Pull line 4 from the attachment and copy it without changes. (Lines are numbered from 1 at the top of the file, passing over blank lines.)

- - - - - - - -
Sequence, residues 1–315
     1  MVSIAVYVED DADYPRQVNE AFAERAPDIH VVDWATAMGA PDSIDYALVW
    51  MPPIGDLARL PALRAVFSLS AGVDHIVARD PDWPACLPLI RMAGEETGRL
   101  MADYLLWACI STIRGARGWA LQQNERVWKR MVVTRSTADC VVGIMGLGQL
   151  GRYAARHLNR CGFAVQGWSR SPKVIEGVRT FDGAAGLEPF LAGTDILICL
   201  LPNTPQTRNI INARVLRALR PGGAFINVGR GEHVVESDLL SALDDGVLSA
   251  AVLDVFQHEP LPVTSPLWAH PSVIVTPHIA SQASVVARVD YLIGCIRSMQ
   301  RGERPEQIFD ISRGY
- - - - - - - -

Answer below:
   101  MADYLLWACI STIRGARGWA LQQNERVWKR MVVTRSTADC VVGIMGLGQL